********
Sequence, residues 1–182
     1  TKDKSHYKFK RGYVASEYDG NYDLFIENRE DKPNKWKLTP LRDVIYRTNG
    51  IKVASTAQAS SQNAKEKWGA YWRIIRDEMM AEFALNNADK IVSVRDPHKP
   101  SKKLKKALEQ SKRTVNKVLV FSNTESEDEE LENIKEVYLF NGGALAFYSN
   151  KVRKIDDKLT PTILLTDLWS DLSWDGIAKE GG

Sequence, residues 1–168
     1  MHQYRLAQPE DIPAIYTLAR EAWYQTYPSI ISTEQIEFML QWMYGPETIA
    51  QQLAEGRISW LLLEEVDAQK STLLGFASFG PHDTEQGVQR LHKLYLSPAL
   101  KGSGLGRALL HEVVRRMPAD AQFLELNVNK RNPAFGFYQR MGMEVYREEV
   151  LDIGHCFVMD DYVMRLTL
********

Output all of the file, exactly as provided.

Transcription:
Sequence, residues 1–182
     1  TKDKSHYKFK RGYVASEYDG NYDLFIENRE DKPNKWKLTP LRDVIYRTNG
    51  IKVASTAQAS SQNAKEKWGA YWRIIRDEMM AEFALNNADK IVSVRDPHKP
   101  SKKLKKALEQ SKRTVNKVLV FSNTESEDEE LENIKEVYLF NGGALAFYSN
   151  KVRKIDDKLT PTILLTDLWS DLSWDGIAKE GG

Sequence, residues 1–168
     1  MHQYRLAQPE DIPAIYTLAR EAWYQTYPSI ISTEQIEFML QWMYGPETIA
    51  QQLAEGRISW LLLEEVDAQK STLLGFASFG PHDTEQGVQR LHKLYLSPAL
   101  KGSGLGRALL HEVVRRMPAD AQFLELNVNK RNPAFGFYQR MGMEVYREEV
   151  LDIGHCFVMD DYVMRLTL